The eldest of the dragons guided Valerian to the main hall, where the Mother Dragon was waiting. And, much to the prince's shock, the Mother Dragon was as far from beautiful as you can get - she had pinkish-brown scales covering her body, and she had three heads, loaded with many horns and warts. Each of her necks had a throat sac. Her voice was like the croaking of a thousand ravens.
"Why have you come here?" she asked.
Valerian knew that if he told the truth about what he thought of her appearance - that she was beyond ugly - she might gobble him up, so he decided that he had no choice but to lie to win her favor.
"Your Highness," said Valerian, "I am Prince Valerian, and I had heard so much of your beauty and kindness. I was thinking of entering your service."
"Very well," said the Mother Dragon. "To enter my service, you must take my mare out to the meadow and look after her for three days. If you succeed, you can go to my nightly ball. But if you fail, I'll eat you up." Valerian gulped at this last sentence.
"Sure," said Valerian.
Valerian took the mare out to the meadow. He watched over it for a while. Then, suddenly, the mare vanished.
"Oh no!" said Valerian. "The Mother Dragon will eat me up!" He sat down on a rock and contemplated his sad fate. He felt really bad about it, until he saw an eagle. "I think I know what to do."
Then he remembered his bell. He rang it once. A rustling sound filled the air, and the King of the Eagles swooped down.
"I am Aquila, King of the Eagles," said the eagle. "I know what you want from me. You are looking for the Mother Dragon's mare. I will summon all the eagles and order them to catch the mare." Aquila flew away, and then a whole flock of eagles swooped overhead. They looked among the clouds and found the mare.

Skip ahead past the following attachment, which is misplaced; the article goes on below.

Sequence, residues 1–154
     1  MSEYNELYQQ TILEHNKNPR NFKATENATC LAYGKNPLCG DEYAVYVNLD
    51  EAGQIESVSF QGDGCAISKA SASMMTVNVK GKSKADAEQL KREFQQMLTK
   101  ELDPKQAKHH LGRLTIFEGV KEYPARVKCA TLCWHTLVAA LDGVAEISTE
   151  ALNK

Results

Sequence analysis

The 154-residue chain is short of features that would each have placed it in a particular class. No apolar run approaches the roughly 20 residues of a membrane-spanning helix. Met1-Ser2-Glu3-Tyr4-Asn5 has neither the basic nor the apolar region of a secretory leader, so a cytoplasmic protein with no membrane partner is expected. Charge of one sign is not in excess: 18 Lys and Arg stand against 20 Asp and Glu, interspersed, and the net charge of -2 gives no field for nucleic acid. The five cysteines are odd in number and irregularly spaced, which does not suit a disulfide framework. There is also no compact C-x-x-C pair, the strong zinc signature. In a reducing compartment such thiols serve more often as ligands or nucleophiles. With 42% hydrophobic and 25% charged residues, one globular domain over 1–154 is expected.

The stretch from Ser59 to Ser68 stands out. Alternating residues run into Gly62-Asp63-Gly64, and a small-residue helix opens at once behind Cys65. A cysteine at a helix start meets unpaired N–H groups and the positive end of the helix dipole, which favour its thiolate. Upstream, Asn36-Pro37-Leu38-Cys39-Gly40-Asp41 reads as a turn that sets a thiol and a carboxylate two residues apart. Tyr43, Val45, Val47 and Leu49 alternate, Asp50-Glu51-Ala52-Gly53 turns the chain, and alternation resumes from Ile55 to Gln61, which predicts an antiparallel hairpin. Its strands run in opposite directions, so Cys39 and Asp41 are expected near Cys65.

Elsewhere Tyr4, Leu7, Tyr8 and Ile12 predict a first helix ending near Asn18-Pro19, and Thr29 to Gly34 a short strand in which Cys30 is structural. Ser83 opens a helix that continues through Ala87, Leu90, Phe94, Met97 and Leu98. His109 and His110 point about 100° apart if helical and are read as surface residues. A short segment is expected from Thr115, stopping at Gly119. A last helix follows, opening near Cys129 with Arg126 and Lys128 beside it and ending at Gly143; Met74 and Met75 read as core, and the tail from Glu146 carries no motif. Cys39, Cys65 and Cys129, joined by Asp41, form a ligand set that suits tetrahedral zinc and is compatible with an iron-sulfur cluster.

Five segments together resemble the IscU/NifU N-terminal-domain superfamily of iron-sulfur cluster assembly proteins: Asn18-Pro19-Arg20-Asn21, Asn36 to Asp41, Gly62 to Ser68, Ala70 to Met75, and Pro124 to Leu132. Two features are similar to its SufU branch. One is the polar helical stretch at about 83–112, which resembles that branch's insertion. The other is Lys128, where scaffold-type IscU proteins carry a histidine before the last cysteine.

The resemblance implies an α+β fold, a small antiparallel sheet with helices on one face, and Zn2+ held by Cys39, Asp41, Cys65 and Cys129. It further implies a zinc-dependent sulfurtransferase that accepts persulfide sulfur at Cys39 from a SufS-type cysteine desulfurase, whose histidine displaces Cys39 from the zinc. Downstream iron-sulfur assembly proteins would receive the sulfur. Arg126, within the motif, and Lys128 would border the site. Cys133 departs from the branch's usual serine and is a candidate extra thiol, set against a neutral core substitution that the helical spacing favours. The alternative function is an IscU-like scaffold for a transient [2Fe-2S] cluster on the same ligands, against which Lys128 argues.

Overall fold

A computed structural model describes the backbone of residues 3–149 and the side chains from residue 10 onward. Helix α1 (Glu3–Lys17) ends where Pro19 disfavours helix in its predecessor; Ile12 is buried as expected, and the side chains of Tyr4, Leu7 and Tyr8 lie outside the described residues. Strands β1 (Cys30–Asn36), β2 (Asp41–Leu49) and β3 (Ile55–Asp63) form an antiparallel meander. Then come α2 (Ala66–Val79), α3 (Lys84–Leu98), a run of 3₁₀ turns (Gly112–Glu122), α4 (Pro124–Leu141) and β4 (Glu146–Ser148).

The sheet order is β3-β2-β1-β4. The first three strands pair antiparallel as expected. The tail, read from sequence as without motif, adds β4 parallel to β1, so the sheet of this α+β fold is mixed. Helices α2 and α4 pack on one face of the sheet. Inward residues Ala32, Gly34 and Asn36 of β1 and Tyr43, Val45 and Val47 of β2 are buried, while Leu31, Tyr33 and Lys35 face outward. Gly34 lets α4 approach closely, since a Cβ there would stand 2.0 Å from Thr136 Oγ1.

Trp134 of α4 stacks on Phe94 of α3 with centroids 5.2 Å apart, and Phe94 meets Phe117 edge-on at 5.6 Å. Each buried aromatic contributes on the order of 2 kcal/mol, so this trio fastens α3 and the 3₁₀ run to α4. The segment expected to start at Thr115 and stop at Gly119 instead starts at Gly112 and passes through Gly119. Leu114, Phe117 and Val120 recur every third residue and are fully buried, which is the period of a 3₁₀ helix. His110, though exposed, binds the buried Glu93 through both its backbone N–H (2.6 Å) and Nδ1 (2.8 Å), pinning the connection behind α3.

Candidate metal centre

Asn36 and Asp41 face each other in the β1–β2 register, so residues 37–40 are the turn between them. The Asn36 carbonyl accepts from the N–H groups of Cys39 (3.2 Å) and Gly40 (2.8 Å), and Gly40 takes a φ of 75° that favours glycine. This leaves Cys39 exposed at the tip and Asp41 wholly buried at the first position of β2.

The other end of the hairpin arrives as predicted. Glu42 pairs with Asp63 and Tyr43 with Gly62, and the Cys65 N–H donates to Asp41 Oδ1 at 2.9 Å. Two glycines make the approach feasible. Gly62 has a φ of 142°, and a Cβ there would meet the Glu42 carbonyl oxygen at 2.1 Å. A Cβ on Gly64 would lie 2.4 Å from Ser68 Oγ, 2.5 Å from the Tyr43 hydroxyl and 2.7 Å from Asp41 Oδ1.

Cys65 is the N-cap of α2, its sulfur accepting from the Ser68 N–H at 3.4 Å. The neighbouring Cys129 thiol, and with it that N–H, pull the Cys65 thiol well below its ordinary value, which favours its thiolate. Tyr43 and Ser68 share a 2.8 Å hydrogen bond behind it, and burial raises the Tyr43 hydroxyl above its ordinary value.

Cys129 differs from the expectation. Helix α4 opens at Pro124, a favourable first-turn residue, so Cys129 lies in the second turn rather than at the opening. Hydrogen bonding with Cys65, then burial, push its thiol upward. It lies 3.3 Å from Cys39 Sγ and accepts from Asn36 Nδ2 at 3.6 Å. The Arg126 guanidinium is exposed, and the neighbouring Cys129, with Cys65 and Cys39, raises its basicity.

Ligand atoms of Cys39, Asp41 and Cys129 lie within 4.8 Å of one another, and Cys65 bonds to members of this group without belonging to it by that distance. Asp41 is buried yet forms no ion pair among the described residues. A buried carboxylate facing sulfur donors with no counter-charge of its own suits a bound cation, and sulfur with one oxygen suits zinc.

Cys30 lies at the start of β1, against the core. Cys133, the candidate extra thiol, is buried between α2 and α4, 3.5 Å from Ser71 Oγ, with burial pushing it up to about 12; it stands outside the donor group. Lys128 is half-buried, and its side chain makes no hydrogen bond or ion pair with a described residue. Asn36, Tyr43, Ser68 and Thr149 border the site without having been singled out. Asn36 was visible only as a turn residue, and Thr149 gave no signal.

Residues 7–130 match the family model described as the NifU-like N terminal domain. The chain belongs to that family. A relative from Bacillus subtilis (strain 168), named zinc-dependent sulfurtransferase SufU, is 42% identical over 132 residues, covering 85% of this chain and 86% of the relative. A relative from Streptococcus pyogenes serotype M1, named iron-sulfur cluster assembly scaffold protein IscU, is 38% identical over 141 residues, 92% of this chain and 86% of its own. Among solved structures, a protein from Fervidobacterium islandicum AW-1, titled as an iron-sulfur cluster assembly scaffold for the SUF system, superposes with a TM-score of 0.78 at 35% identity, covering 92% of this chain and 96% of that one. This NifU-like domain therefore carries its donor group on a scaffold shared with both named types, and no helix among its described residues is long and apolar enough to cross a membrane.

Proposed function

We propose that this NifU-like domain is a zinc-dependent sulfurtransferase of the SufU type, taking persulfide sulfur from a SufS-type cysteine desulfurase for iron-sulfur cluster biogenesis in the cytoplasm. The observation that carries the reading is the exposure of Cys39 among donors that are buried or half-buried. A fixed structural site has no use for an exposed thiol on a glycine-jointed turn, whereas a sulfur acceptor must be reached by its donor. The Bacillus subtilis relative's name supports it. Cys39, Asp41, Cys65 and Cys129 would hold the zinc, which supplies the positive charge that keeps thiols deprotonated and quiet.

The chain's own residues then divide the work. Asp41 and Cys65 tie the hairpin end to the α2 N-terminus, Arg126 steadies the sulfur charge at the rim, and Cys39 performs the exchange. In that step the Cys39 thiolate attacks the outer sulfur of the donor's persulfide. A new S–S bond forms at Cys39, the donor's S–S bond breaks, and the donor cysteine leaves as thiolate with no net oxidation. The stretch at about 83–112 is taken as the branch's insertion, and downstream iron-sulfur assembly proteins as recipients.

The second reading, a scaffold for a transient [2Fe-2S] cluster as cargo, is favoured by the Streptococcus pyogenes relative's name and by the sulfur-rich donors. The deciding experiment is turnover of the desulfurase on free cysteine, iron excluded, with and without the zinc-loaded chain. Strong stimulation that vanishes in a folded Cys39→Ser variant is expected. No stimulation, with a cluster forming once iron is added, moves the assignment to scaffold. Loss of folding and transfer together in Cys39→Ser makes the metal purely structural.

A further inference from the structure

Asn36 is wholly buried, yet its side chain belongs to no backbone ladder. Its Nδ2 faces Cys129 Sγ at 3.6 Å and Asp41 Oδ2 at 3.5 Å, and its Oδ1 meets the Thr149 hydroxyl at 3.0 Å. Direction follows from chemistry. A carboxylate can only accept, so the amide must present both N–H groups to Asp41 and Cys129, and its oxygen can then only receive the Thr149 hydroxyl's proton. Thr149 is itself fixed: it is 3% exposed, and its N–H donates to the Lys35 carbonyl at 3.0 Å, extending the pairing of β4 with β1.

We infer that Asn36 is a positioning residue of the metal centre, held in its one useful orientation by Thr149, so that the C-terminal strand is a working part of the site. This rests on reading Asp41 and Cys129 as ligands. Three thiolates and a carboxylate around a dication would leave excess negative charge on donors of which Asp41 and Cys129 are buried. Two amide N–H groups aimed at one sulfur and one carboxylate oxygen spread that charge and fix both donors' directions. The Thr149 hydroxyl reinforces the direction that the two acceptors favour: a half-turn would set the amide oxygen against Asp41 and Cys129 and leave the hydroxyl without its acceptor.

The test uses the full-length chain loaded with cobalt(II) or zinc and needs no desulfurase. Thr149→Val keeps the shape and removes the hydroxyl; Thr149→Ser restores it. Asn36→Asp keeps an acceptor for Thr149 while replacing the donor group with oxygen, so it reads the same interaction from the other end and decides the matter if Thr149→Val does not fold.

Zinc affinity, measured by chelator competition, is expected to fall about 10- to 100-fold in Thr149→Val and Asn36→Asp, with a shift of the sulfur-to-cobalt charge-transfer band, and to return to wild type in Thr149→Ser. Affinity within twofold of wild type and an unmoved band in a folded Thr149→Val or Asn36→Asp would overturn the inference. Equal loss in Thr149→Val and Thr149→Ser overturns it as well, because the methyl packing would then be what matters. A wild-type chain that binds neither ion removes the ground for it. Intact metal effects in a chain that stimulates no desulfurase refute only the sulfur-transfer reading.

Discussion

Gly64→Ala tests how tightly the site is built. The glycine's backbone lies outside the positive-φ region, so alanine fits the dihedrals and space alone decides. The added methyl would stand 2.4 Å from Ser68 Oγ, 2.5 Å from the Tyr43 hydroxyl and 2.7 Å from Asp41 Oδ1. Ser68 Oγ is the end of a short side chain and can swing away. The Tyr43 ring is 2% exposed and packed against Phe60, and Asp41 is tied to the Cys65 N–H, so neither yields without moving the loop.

Meanwhile, Valerian was wondering where the eagles were.
"It's getting late," he said. "I hope they found the mare." He then saw the flock of eagles bringing the mare to him.
"Here is your mare," said Aquila.
"Thank you, dear friends!" said Valerian.
"You're welcome," said Aquila.
Valerian rode back to the Mother Dragon and presented her with the mare.
"Excellent," said the Mother Dragon. "As a reward for bringing my mare back, you can go to the ball tonight. Here is a cloak of copper." She presented Valerian with a cloak of copper. Valerian put it around his neck. "Come with me."
The Mother Dragon led Valerian to the ballroom, where many dragons were dancing. Valerian looked across the room, wondering where the princess was. Eventually, he found her standing by the window. She was a radiant beauty, with a dress woven out of flowers, lovely dark blonde hair, and shimmering green eyes. She looked kind of sad.
"Excuse me," said Valerian, "but are you Princess Narcisa?"
"Indeed," said the princess. "What's your name?"
"I am Prince Valerian," said Valerian. "I've been looking for you for three years. I'm so glad I finally found you." He then saw her face. "Are you okay?"
"Yeah," said Narcisa. She sighed. "I really want to go home. I've been here for four years, and I've gotten homesick. My mother must be worried about you. I'm sure your parents are worried too."
"They probably are," said Valerian. "I miss them so much." He noticed that both he and Narcisa had tears falling from their eyes.
"I don't know if I'll ever get home," cried Narcisa. "I feel like a prisoner here."
"Don't worry," said Valerian. "I have come to set you free!"
The two stopped crying.
"Want to dance?" asked Valerian.
"Of course!" said Narcisa.
The two danced to the beautiful music all night, and ended up having a lot of fun. Late in the night, Narcisa told Valerian about the mare.
"After three days," she said, "try to get a foal from the mare."
"Okay," said Valerian.
The ball ended at midnight. Valerian talked briefly to Narcisa before going to bed.
"I had a lot of fun tonight," she said. "Thanks." She kissed Valerian on the cheek.
"I'll see you tomorrow," said Valerian.
"I'll be there," said Narcisa.
Valerian was led to a dark bedchamber, where he went to sleep. The next morning, Valerian was with the mare at the meadow, and surely enough, the mare vanished.